It is widely considered that letting Paul Pogba go was one of very few mistakes made by Sir Alex Ferguson during his time as Manchester United manager. But should United break the current world record transfer fee to bring him back?
United have been lacking in the heart of midfield for a long time now, the era of Paul Scholes and Roy Keane running games has long gone.
Pogba's athleticism would inject pace into the midfield, and help in improving recent one tempo football which fans have had to endure in recent years. He would also bring a threat of the unknown with his long range shooting, a threat that all but disappeared since Scholes retired.
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Although Pogba possesses undoubted class, the figures which are involved within this potential deal are astronomical.
It is reported the initial fee is £100 million, with United having to pay a further £20m plus for the player's agent Mino Raiola. The player is expected to come in as one of the top earners at the club, earning upward of £11m-a-year, potentially causing upset to other current first team players who will earn much less.
When Alan Shearer moved to Newcastle United from Blackburn Rovers in 1996, this set a new transfer record of just £15m. It was two years later that Real Betis paid £21.5m for Denilson, making him the first player to command a fee of over £20m.
By the year 2000, the world record had gone up to £37 million, with Real Madrid signing Figo from arch rivals Barcelona. Since this point, Madrid have broken the record an additional four times, with the most recent being Gareth Bale for around £86 million in 2013.
If the transfer of Pogba is completed to United, the world record fee could increase by the cost of the Alan Shearer transfer back in 1996. This shows that within 20 years, the world record for a player transfer is almost seven times higher, and at what point is this going to be considered too much for a single player.
The positive which comes from the big teams paying these kind of sums for the elite players is that it allows smaller clubs to inflate the price of their star players.
Matt Richie recently swapped Bournemouth for Newcastle for an estimated £12m, these kind of fees are not really scrutinised these days and are more and more seen as run of the mill transfers.
With the price of transfers ever increasing, this allows selling clubs to stay competitive within the league even when they are forced to sell their stars. Southampton have been a great example of this over the last three seasons, with Liverpool's continued raiding of the club.
The negative of the transfer is the continued power which agents have in the game. It seems that player's agents can control the transfer situations the way that suits them best. They'll get the best deal for themselves and their client, without worrying about other parties involved.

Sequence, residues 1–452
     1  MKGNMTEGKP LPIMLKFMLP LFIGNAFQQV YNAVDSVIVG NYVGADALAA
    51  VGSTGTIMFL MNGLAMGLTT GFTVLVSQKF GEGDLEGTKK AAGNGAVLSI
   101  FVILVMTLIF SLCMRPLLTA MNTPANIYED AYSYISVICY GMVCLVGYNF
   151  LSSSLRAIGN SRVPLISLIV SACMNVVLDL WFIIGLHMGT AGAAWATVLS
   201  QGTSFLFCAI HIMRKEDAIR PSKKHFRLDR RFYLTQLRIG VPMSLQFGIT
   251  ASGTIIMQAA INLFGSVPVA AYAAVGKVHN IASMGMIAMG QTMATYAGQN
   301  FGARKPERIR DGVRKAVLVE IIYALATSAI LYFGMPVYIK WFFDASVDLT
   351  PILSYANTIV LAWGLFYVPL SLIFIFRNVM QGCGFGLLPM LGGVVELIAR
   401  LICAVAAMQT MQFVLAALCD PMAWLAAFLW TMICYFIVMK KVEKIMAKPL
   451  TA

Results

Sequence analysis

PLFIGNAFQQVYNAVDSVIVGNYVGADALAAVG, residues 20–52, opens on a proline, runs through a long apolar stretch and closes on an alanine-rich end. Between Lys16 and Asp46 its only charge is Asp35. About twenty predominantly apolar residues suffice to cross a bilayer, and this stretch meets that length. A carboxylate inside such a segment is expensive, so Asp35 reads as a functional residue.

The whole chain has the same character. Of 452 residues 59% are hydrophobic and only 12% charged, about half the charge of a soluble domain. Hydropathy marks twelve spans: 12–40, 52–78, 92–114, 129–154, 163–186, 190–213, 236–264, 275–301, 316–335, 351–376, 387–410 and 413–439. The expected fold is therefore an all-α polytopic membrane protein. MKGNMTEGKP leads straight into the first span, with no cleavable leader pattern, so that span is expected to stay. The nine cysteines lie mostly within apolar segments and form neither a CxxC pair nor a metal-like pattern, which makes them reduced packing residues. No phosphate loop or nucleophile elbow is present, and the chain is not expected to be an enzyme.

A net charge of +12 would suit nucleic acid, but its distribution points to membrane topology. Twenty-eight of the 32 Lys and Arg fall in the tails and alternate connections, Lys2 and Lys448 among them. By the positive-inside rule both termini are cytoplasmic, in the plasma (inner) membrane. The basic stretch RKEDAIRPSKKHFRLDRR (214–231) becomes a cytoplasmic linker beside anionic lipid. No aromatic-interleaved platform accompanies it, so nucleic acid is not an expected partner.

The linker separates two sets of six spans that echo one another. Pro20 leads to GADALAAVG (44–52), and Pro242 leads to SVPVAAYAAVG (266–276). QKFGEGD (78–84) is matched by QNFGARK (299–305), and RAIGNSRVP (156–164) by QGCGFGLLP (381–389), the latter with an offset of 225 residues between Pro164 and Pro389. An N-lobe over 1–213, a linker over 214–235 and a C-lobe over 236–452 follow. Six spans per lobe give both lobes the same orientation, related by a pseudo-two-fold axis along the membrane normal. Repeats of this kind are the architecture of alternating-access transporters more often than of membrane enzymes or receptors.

Also, there is the unlikelihood of a Leicester City story repeating itself. It is well documented that the big teams in the league failed last season when the title was there for the taking, and in the end, Leicester more than deserved to be champions. However, with the financial fair play rules in the favour of the teams with the bigger incomes, then this will restrict the amount the smaller clubs could use to continually rebuild squads.
Paul Pogba possess every quality to go on to be one of the best midfielders the Premier League has seen, but at what point does FIFA look at transfers and start to do something about the fees.
FIFA had the perfect opportunity to cap wages when the first £100,000-per-week contract in England was signed by Sol Campbell when he moved from Tottenham Hotspur to Arsenal, but this did not happen, and wages have continued to spiral out of control and we are seeing the same with transfer fees.
Unfortunately, football is becoming less and less of a working mans sport as someone has to pay for these transfers/wages, and the continued increase of ticket prices and merchandise seems to continue despite clubs agreeing to freeze ticket prices for a year due to the record TV deals being signed.
If the Pogba transfer is completed, the Frenchman would go on to be a success for United and the amount of merchandise sold off the back of the transfer would pay for a considerable chunk of the transfer.
However, this transfer will set a precedent for the cost of the signature of world stars, and will only inflate the price next time a move for one is considered.
As previously mentioned, the real problem lies with the fact that the actual fans who spend their hard earned wages on following their clubs will again be affected by the prices, and it is them that will be hit by the knock on affect.
Is money in football spiraling out of control? Leave us YOUR thoughts in the comment section below!